If the problem happens again, I’m going to drop the car off in the evening so everything is cold when they check it out the following morning. What is happening is likely temperature-dependent.

Do you have any idea what the problem could be? I was thinking it might be a loose adjustment screw, or a loose connection to the ECU, but the mechanic checked those things.

EDIT: Oh, and they did confirm I needed a new head gasket. They can’t guarantee it will solve the original symptoms, but the head gasket on the engine was shot.


#14

First off, I’d stay away from the co-worker that bailed on you.

All head gasket jobs are a large job, involving removal of many items just to get at the head.
Exhaust manifold, intake manifold, many of the components driven by the serpentine belt, etc. etc.

Unless you are doing a simple flat head 4 cylinder engine from the pre 60s era…it’s a big job.
Any real mechanic would know there is a lot involved.

I think he is the type that brags that he can do anything, but when the work is in front of him…he’s lost. I’d stay away from this guy unless it’s a simple repair…like changing a tail light bulb.

The problem that you have now is most likely a simple chore of the mechanic going back over his work. I presume that he either forgot to plug in a sensor or other electrical component, or a vacuum line got pinched off on the process of installing the head.

But without the vehicle in front of me…that’s just a guess.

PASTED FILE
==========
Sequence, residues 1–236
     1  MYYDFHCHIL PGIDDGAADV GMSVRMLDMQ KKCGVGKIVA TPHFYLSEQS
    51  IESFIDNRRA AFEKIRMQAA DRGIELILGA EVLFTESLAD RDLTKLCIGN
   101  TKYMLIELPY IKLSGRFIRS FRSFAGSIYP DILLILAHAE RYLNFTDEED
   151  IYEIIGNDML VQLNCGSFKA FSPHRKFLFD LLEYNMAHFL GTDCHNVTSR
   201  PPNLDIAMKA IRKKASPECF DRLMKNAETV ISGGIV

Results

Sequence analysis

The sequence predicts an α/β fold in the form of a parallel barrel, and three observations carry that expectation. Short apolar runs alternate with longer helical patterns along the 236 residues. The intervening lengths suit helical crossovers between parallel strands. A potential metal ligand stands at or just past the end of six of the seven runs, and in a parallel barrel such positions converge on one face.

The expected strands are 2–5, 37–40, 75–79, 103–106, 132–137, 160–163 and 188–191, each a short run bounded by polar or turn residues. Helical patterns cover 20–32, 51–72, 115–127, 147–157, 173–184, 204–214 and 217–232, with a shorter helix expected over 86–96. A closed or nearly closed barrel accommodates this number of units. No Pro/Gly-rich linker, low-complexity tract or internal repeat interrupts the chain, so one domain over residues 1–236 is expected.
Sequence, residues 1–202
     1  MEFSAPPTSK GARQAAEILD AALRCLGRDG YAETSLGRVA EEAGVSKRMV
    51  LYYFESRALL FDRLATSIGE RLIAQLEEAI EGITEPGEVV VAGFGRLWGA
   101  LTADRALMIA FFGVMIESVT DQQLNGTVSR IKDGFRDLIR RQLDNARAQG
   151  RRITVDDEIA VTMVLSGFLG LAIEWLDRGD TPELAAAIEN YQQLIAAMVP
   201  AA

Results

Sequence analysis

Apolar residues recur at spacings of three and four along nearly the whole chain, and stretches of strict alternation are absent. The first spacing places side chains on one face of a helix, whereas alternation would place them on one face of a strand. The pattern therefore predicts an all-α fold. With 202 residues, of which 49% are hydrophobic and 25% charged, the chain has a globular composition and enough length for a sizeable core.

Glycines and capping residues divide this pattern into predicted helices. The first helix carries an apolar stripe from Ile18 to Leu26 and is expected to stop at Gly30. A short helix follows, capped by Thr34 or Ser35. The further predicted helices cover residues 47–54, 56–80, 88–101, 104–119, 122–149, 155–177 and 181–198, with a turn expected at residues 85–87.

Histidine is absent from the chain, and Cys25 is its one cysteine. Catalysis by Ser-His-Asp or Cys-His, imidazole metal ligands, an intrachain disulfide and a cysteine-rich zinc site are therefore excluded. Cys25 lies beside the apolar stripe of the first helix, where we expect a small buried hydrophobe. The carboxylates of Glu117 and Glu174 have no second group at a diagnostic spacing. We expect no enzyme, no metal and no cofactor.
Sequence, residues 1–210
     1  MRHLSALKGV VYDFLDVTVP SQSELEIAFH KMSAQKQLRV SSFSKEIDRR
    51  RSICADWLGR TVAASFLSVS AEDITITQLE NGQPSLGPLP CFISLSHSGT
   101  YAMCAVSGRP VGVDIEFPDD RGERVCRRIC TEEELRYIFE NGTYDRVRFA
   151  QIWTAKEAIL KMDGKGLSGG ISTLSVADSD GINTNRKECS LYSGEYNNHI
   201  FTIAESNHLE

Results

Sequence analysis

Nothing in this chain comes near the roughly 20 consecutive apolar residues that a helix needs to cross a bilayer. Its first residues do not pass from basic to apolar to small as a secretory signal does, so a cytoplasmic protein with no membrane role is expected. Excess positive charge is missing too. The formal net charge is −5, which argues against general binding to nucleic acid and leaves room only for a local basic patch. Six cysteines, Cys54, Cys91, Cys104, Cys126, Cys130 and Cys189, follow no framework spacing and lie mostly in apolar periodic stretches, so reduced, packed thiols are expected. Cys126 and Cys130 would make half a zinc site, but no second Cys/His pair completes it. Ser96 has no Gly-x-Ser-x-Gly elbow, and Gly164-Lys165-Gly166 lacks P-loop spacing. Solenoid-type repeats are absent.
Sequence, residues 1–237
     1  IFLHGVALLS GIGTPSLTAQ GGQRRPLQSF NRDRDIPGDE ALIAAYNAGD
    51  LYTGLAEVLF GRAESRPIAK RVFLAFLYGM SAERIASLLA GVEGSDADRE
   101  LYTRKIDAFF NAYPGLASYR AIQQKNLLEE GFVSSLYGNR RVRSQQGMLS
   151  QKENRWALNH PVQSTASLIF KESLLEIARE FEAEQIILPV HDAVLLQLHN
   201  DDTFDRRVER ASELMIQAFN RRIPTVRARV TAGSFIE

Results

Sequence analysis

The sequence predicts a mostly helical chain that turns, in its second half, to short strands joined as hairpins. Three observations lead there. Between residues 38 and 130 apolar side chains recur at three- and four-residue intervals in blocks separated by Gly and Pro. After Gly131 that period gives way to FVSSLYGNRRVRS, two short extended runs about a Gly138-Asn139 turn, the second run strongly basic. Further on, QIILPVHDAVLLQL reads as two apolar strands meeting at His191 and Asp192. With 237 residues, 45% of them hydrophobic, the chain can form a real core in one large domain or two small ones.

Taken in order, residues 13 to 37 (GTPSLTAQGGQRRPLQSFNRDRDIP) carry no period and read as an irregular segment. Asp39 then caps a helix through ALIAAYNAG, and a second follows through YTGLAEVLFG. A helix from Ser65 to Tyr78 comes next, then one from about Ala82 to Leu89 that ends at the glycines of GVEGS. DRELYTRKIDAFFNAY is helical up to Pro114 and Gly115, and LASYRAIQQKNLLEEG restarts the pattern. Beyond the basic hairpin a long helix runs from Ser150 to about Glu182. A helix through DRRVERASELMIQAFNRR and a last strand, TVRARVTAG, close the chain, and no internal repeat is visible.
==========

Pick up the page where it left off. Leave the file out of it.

Yosemite


#15

hmmm … well removing the head involves removing the timing chain (or timing belt), so maybe something is amiss w/the valve timing. Does this car use variable valve timing? If so, check the associated solenoid. If there’s a simple way to check the valve timing with a timing light, maybe start there. Also the distributor – if a 98 has one – may have been removed, so that’s another place to look. The ignition module too, check those connections. There’s probably an electrical ground connection from the head to the chassis, or to the engine block, so check that. If nothing simple pans out you’ll have to check the cylinder compression.

Edit: Check the crank and cam position sensors, at least a visual check that they are wired up correctly.


#16

Your friend isn’t a mechanic. Any decent mechanic would know a head gasket replacement is a major job. This guy is a poser, meaning one who talks the talk but doesn’t walk the walk.


#17

Jeeze, tough crowd. It’s possible the friend who offered the free help bailed when he found out it wasn’t as simple a job as he assumed. That doesn’t make him a cad. It would have been different if he’d started pulling parts off the engine and THEN bailed, but if he’s otherwise a good friend I’d let it go.


#18

Well, it appears all is good with the car. Since the mechanic made the latest adjustments yesterday morning, the car runs like normal. The valves are even quieter. It ran like a champ as soon as I started the engine this morning.

I appreciate the feedback. If the symptom reappears I’ll drop it off at the shop at night so they can check it out the next morning.


#19

I have to ask, did anyone check the interior of the hoses? A partial delamination could cause these symptoms.

And since you had the head off, did you replace the water pump? That would have been an opportune time to do that.


#20

Glad your 98 Civic is purring like a kitten again OP. Best of luck.